Today, the Oversight Board selected a case appealed by a Facebook user regarding a comment with a meme depicting Turkey having to choose between “The Armenian Genocide is a lie” and “The Armenians were terrorists who deserved it,” per Facebook.
“Facebook took down this content for violating our policy on hate speech, as laid out in our Community Standards. We do not allow hate speech on Facebook, even in the context of satire, because it creates an environment of intimidation and exclusion, and in some cases, may promote real-world violence,” Facebook said.
“We will implement the board’s decision once it has finished deliberating, and we will update this post accordingly. Please see the board’s website for the decision when they issue it,” Facebook added.
In December 2020, a Facebook user in the United States posted a comment containing an adaptation of the “two buttons” meme. This meme featured the same split-screen cartoon from the original meme, but with the cartoon character’s face substituted for a Turkish flag. The cartoon character has their right hand on their head and appears to be sweating. Above the cartoon character, in the other half of the split-screen, there are two red buttons with corresponding labels, in English: “The Armenian Genocide is a lie” and “The Armenians were terrorists who deserved it.” The meme was preceded and followed by “thinking face” emoji.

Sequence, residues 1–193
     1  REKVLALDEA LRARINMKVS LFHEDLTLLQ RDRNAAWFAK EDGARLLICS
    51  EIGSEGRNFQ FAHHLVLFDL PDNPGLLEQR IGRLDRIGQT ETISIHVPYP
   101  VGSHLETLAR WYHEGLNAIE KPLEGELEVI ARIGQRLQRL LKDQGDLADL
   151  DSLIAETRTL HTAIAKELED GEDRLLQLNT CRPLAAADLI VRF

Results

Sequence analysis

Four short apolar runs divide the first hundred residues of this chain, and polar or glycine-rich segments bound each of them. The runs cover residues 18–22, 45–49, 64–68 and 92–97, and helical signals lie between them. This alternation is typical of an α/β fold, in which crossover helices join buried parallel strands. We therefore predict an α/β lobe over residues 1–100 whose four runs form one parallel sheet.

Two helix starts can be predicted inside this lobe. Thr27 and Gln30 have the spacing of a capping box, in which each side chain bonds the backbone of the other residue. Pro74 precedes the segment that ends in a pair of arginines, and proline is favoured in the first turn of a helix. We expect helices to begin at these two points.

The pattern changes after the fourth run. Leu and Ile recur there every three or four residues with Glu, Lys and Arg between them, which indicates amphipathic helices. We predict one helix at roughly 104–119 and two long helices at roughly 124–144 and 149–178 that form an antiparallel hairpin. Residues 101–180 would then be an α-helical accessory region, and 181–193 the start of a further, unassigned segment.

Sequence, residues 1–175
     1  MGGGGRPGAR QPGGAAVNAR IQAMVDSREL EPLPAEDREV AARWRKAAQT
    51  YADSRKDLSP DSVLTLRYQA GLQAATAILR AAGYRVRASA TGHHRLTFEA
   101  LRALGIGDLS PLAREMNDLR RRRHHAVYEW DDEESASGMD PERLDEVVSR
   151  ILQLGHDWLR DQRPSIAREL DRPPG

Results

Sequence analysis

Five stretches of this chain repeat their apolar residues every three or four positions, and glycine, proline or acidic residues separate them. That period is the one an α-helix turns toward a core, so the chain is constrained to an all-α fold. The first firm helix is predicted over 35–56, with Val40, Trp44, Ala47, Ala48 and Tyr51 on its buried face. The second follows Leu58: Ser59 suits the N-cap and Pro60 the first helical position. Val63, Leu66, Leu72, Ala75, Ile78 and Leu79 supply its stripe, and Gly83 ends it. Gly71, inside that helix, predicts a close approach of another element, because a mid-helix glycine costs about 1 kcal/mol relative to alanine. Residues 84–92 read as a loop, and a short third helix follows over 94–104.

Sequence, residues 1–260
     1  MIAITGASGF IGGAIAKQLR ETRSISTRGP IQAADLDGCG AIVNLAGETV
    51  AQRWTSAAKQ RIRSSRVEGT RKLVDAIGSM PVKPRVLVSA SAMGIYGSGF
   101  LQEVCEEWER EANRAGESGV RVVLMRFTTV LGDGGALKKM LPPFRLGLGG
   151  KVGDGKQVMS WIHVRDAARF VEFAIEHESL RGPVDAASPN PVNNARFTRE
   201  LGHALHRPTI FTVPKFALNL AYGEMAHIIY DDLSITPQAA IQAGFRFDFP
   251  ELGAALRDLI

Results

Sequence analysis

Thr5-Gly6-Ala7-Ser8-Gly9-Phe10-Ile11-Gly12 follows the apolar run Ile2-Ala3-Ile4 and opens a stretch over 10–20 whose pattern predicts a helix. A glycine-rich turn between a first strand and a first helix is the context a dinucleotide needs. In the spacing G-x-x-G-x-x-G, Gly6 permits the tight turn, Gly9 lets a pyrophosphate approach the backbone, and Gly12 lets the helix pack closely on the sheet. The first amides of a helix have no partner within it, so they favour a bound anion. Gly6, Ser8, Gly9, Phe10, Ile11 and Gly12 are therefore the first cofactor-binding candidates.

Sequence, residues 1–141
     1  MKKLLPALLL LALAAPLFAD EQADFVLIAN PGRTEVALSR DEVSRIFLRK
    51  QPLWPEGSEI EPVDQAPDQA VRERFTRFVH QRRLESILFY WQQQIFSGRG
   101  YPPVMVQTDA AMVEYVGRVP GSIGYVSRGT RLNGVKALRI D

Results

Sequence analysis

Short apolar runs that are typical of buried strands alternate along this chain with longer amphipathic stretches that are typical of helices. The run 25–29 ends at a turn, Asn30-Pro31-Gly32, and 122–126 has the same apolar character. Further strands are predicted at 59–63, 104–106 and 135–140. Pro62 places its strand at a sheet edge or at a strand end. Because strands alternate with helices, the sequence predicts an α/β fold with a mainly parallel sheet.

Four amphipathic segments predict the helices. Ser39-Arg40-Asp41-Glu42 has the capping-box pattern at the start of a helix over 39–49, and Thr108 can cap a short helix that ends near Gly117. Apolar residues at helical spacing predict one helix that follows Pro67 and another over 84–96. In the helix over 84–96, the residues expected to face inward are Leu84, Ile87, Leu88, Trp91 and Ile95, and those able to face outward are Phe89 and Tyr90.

The user’s comment was in response to a post containing an image of a person wearing a niqab with overlay text in English saying: “Not all prisoners are behind bars.” At this point, the Board does not have access to all the intervening comments, and the meme may have been a response to one of those intervening comments.
Facebook removed the post under its Cruel and Insensitive Community Standard after one report from another Facebook user. Under this standard, Facebook removes content that “targets victims of serious physical or emotional harm,” including “explicit attempts to mock victims and mark as cruel implicit attempts, many of which take the form of memes and GIFs.” Subsequently, Facebook reclassified its removal to fall under its Hate Speech Community Standard.
The user states in their appeal to Facebook that “[h]istorical events should not be censored” and that their comment was not meant to offend but to point out “the irony of a particular historical event.” The user also speculates that Facebook misinterpreted their comment as an attack. The user also states that even if the content invokes “religion and war” it is not a “hot button issue.” The user also finds Facebook and its policies overly restrictive and argues that “[h]umor like many things is subjective and something offensive to one person may be funny to another.”